• What does she wear for the "Ladies Race"?
    • What is the national significance of this?
    • What is the racial significance of this?
  • What does she wear to the "Squaws' Race"?
    • What is the national significance of this?
    • What is the racial significance of this?
      • What is the IRONY of Cogewea's costume in this race? Cogewea's mother was Okanogan, not Kootenais!
    • What attention does Cogewea draw from the white men in the audience when she dresses as a squaw?
        • " Some swell looker for a Kootenai squaw, eh? Mighty good pickin’ for a young feller like you. Wish I wasn’t so badly married! I’d sure keep an eye out for her. But the Missus would raise a hurry-Cain if she knowed that I rather like some of the squaws around here." (Humishuma 65) 
      • What is the significance of this?


Judging American Identity


Once the judges realize that Cogewea rode in both races, they disqualify her for the prize from the white “Ladies’ Race.” Both Jim and Cogewea confront them with the hypocrisy of the ruling. The argument is finally reduced to a debate over definitions: what is the difference between a “lady” and a “squaw.” The white judge contends that the difference between these terms is essential and thus it does not need a definition: 

Judge: “She is a squaw and had no right to ride in the ladies’ race.”… 

Jim: “Only one word more, Judge, and I ain’t trailin’ for no disagreeableness. You paid the little gal the twenty-five dollars ‘cause she’s a squaw?” 

Judge: “Yes, and I am not going to pay her the forty-five dollars for the same reason; that she is a squaw! Do you get that?” … 

Jim: “My hearin’ ain’t no ways defective,” came the serene reply without notice to this side clamor, “But I may be locoed as to your meain’. I take it that the little gal bein’ a squaw, she can’t be a lady! Is that it She’s a waitin’ to hear you say that. Tell these here people your ‘cisin regardn’ the character of the little gal.”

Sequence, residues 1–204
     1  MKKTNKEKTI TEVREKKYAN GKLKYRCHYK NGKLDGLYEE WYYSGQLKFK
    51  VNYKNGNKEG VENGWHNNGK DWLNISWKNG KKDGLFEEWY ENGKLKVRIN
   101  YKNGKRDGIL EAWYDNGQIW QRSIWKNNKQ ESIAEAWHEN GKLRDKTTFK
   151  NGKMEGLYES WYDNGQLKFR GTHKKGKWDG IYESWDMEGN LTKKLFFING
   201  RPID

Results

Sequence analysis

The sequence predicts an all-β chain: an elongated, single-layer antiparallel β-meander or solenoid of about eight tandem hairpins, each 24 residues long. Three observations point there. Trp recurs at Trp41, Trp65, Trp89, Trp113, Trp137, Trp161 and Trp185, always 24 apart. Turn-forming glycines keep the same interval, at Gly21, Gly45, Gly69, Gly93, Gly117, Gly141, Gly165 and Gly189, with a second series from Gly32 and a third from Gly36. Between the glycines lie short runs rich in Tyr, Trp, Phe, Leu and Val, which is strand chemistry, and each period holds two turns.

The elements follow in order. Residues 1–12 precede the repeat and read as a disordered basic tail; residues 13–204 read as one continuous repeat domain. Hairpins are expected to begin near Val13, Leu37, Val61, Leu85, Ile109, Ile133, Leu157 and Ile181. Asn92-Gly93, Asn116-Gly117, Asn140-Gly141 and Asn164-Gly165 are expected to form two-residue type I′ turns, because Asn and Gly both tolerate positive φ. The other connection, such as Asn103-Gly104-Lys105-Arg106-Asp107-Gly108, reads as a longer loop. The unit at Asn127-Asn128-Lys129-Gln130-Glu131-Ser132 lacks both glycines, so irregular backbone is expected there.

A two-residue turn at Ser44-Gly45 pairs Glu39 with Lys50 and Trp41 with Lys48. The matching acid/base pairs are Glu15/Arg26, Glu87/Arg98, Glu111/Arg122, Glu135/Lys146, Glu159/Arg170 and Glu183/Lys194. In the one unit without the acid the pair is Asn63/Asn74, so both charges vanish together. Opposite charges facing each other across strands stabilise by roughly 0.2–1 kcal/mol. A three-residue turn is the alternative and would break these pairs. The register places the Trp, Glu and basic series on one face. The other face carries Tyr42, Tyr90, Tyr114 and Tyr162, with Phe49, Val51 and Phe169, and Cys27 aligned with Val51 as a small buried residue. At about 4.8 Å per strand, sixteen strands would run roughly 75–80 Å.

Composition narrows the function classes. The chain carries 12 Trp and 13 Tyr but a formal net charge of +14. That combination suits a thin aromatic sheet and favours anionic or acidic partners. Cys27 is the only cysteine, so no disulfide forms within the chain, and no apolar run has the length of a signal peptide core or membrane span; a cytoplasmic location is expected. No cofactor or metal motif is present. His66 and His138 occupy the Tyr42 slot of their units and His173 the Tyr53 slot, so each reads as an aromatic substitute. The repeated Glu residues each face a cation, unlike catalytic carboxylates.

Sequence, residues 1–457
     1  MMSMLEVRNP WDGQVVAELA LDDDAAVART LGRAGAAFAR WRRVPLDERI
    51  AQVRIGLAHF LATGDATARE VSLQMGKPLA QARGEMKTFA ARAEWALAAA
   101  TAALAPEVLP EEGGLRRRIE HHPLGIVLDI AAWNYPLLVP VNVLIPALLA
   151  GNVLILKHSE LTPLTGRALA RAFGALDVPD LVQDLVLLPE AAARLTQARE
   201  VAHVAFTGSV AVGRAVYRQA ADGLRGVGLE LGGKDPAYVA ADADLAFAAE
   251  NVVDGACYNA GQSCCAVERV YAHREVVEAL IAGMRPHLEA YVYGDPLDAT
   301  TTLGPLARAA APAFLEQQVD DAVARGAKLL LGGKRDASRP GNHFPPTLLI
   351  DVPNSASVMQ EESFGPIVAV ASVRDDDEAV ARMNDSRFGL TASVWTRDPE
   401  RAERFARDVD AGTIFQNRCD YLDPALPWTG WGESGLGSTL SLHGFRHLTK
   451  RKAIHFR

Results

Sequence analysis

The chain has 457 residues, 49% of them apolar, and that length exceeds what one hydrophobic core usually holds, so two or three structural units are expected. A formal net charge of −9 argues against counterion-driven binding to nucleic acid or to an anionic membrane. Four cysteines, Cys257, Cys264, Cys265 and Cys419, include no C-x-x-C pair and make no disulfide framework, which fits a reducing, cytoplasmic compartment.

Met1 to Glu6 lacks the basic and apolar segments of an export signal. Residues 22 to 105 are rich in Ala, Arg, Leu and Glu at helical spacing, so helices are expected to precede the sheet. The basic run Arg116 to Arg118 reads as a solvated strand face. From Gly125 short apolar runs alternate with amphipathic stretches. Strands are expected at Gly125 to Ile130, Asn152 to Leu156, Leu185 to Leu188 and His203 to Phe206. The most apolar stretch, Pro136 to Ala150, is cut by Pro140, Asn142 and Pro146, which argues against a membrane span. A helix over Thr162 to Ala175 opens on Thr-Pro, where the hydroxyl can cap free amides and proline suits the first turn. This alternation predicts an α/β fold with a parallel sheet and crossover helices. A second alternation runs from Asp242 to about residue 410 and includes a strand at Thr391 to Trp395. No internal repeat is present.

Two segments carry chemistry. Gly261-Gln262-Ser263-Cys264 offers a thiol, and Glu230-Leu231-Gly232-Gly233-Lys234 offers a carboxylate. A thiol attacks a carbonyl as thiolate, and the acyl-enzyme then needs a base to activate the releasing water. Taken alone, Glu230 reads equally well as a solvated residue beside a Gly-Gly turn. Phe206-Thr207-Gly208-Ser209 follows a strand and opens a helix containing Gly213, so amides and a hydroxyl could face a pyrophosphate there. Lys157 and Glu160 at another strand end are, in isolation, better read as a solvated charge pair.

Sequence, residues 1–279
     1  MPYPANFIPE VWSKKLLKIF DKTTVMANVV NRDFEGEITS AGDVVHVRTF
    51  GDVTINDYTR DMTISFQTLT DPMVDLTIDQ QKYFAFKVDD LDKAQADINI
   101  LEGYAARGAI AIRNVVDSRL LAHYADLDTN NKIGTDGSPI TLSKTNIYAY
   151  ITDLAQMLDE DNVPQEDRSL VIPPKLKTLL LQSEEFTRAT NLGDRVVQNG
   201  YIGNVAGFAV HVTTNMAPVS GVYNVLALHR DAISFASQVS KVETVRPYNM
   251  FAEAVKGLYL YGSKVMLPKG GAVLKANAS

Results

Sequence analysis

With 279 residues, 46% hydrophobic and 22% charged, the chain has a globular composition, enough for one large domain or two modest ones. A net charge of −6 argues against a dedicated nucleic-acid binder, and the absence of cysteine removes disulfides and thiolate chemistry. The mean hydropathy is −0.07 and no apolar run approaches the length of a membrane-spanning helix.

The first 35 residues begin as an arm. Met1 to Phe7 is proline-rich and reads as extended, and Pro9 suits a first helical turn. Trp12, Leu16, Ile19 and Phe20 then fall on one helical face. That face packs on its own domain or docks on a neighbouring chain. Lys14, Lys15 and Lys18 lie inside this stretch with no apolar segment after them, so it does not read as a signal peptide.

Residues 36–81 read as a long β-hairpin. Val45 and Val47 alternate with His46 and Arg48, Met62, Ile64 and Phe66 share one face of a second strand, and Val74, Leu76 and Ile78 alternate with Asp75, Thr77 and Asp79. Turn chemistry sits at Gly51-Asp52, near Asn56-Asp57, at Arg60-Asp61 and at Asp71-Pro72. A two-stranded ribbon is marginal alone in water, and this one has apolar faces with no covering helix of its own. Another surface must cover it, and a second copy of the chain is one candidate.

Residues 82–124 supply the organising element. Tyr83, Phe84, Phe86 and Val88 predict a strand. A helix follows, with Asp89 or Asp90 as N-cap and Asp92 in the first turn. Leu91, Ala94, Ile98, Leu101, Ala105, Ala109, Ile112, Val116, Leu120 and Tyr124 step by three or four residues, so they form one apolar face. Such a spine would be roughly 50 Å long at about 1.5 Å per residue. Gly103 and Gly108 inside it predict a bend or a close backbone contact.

The judge was astounded…. The judge, a man of tried nerve in more than one gun fight, like a storm-cloud about to pour its wrath upon a waiting world, paused; choking with livid rage. (Humishuma 68-69)


Cogewea closes the debate by throwing back the money. Her speech highlights the fact that she is no more Native American than she is Caucasian:  

Take your tainted money! I do not want to touch any thing polluted by having passed through your slimy hands! And, since you are disbursing racial prizes regardless of merit or justice, pass it on to the full-blood Kootenai woman, who, like your white protégée, won second place only. She is as much entitled to it as is Miss Webster to the money which you are so chivalrously withholding from me. I am as much Caucasian, I regret to admit, as American, and measured by your rum-fogged ideals, a mere nobody; with no rights to be respected. (Humishuma 70)   


Riding and Metaphors in Cogewea


  • How is the act of riding a metaphor in this chapter?
    • What does this chapter say about Humishuma as an author?
  • What literary categories does she negotiate?
  • What regional categories does she negotiate? 

Competing Voices


American fiction, like American herself, is a world of competing voices. How does Humishuma imagine a new hero for America?